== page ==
I want to know if "she likes high school" should be elle aime lycée or elle aime le lycée?

As well as, I'd like to know about "I listen to music". Should that be j’écoute la musique or j’écoute musique?

  • 1
    There are no examples in regular, spoken or written language where an abstract noun like music would not take an article. Music is for lovers. La musique, c'est pour les amants.
    – Lambie
    Commented Oct 15, 2021 at 23:26
  • @Lambie There is one example though : titles. "Musique pour les amants". You could argue here musique in this case is not the "abstract noun". But I think it's worth mentioning.
    – XouDo
    Commented Jul 13, 2023 at 8:40
  • @XouDo Musique pour les amants is a title. Titles have their own rules.
    – Lambie
    Commented Jul 14, 2023 at 14:53
  • @Lambie Oui c'est ce que je dis.
    – XouDo
    Commented Jul 18, 2023 at 12:51

2 Answers 2


French nouns almost always require an article in French so that would be:

Elle aime le lycée.

This sentence is perfectly idiomatic. Le lycée is likely here the high-school she studies in, works at, or just refers to but might also be high-school in general compared to something else.

Note also that j'écoute la musique means "I listen to the music" so to properly translate "I listen to music", you would use:

J'écoute de la musique.

Both "elle aime lycée" and "j'écoute musique" are always ungrammatical in French, a little like would be "I listen music".

Note however that there are some cases, both in spoken and written French, where an abstract noun like musique might not take any article.


Musique, maestro ! Very common expression used to tell an orchestra or a band to start playing.

L’histoire des relations entre musique et littérature est tumultueuse. Fabula, 2011


I understand in English, the language learner may ask when to use an article, when to use "the", etc. When "the" is used, it answers the question "which one?".

In French, the question is not so much when to use articles, rather when not to use them. As I would be tempted to say always.

However, there are cases where you would not use them. Refer to the use of "article zéro" (Ø) in French to learn more.

Here are examples I found in this thread:

  • Pierre qui roule n'amasse pas mousse. (proverbes)
  • tambour battant, chemin faisant (archaïsmes, locutions figées)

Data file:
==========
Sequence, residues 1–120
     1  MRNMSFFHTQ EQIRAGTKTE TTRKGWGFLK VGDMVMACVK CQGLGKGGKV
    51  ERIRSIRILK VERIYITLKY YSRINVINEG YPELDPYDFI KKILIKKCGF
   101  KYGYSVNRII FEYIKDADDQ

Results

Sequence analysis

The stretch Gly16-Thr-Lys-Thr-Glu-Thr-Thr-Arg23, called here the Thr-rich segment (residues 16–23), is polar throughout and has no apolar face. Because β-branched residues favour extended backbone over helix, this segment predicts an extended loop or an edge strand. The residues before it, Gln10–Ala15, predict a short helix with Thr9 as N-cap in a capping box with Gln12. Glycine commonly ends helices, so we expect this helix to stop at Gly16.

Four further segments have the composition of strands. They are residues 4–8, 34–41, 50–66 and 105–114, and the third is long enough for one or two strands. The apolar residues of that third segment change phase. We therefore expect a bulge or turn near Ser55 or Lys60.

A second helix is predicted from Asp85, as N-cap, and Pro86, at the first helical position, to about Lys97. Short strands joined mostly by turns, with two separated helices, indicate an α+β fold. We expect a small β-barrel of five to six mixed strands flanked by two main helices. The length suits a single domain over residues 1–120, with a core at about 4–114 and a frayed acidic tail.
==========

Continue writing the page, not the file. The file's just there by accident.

• Mère décédée. Enterrement demain. (télégrammes)
  • Il viendra mardi. (ce mardi-là )
  • Maison à vendre. Sucre en poudre. (sur pancartes, étiquettes)
  • Venez, jeune homme ! (apostrophe)
  • Hommes, femmes, enfants, tout le monde était là. (énumération)
  • Le métier de prof. Pierre est avocat. Le lion, roi des animaux. (appositions, attributs)
  • Arbre est un nom masculin. (= "Le mot arbre" )
  • avoir faim, demander pardon, donner envie, faire fortune, perdre pied, prendre feu, rendre service, etc. (locutions verbales).
  • avec joie, sans crainte, sur place, etc. (locutions adverbiales)

Some examples: "faire cas" de qqch. Or "j'ai eu vent de ...". "Je vous souhaite bonheur et prospérité". Etc.

As to the use of articles in English, they do map to something in French.

For example:

  • Je mange du fromage** => I eat Ø cheese. (Recall that we don't say de le, instead it becomes du. If the noun is feminin, use de la)
  • Je mange le fromage => I eat the piece of cheese (I don't think you'd say the cheese (?) )
  • Je mange un fromage => I eat a piece of cheese
  • J'écoute de la musique => I'm listening to music
  • J'écoute la musique => I'm listening to the music (you brought me)

But there are cases where it doesn't change:

  • Le chômage est de 16% et continue de croître. => Unemployment is 16% and keeps rising.

So, just tell yourself that there are always articles. The rare cases where you don't use them, you'll learn them as you go. And retain that j'écoute de la musique is I'm listening to music and j'écoute la musique is I'm listening to the music.

edit: By the way, I absolutely don't see what's wrong with saying "elle aime le lycée".

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